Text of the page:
Incipient electronics industry on the move
The sector is making modest but sustained progress, expanding production of essential items with a focus on conserving energy
21 de diciembre de 2016 - Taken from Granma
Talking about the electronics industry in Cuba may seem delusional, especially considering the rapid advance of this technology around the world and the gap that separates us from other nations.
In terms of progress, some may doubt the assertion that a take-off, albeit incipient, is underway in this sector in Cuba, but to paraphrase the celebrated Galileo Galilei, in regards to the electronics industry … "And yet, it moves."
Yes, it is moving at the pace allowed by the current obsolescence of our technology, a problem throughout the industry, rooted in the U.S. blockade, and financial limitations which limit access to prime materials.
The electronics industry suffered the consequences of the Soviet camp's demise in the 90s, as did all Cuban economic sectors, and still bears the scars of a period that decimated its manufacturing base. Then came a phase that could be described as "recovery," until the industry hit bottom in 2012, given its own economic tensions, according to Vicente de la O Levy, president of the Electronics Enterprise Group, affiliated with the Ministry of Industry, who spoke with Granma.
Since then, he explains, "Electronics has reinitiated its progress, to the degree allowed by the country's possibilities. Some advances can be observed, above all those linked to the introduction of new equipment in productive lines, such as induction stoves, high definition digital television sets, digital TV decoders, tablets, laptops, and most recently, washing machines."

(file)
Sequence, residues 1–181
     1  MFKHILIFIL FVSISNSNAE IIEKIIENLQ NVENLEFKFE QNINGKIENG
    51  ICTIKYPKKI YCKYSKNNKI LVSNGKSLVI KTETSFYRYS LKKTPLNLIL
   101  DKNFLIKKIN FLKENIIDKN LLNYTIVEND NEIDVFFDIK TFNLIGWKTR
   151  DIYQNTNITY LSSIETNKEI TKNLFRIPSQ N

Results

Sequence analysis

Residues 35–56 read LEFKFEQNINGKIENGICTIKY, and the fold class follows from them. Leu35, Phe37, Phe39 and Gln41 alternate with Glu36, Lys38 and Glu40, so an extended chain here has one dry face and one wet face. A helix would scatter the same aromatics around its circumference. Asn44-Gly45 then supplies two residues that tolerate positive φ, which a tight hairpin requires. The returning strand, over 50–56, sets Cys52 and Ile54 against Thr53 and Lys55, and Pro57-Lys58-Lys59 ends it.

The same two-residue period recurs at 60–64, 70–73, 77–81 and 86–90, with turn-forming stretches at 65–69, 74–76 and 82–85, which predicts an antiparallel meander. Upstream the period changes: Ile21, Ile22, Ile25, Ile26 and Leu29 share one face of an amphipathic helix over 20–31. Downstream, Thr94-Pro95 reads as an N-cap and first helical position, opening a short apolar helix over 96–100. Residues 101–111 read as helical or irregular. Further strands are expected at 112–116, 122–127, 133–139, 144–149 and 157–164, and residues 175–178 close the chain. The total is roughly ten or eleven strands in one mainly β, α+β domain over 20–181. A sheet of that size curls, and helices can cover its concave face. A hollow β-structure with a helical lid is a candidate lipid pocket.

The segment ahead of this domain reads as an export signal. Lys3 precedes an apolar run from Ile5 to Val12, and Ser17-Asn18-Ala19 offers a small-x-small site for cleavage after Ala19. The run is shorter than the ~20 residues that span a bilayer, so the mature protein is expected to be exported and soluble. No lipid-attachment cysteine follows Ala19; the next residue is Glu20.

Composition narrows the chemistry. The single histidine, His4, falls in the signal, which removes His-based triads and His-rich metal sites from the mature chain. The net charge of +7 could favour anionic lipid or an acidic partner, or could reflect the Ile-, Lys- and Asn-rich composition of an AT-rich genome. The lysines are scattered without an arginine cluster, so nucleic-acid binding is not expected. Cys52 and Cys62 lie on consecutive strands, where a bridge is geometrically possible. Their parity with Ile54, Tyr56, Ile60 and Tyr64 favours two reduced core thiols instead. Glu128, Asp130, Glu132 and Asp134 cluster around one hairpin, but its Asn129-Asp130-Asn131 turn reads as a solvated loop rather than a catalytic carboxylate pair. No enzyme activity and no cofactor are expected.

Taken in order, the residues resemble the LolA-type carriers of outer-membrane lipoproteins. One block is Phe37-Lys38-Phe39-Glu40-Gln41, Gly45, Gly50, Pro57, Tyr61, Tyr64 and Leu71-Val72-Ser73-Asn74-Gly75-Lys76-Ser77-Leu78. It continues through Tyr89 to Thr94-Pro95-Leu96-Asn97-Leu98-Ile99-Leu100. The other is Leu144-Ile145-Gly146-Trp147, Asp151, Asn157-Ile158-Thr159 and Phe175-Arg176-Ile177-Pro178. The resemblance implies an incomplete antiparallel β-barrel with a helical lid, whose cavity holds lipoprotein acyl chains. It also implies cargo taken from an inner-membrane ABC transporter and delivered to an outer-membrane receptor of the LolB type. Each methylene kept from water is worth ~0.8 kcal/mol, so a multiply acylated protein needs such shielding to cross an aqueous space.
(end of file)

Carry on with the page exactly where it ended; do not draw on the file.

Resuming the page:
Vicente de la O noted that, since 2012, all new products reflect a focus on energy conservation and the use of renewable energy sources.
Funds have been generated, to sustain the growth achieved, through energy conservation savings, precisely because of this principle, he continued, since the allocation of resources is justified when activities produce benefits, without incurring higher costs.
In fact, he adds, the enterprise group is about to introduce another line of products which should contribute significantly to saving energy.
In addition to manufacturing and distributing energy efficient equipment, De la O Levy emphasizes the participation, since 2013, of Cuban engineers in the design of products, thus guaranteeing, to at least some degree, compatibility with the country's conditions, including patterns of use, voltage fluctuations, and humidity.
Beyond the figures noted on charts, demand for certain items remains much greater that the country's financial capacity, which is not the same as the production capacity, currently functioning at 70 to 72%, the executive estimates.
The case of LED lighting fixtures is illustrative. According to the 2012 national Census, there are 15 million fluorescent light bulbs that could be replaced with LED fixtures, and in state enterprises, some 20 million. Nonetheless, production in 2016 reached only one million. At this rate, De la O notes, it will take years to replace those identified, without considering replacements.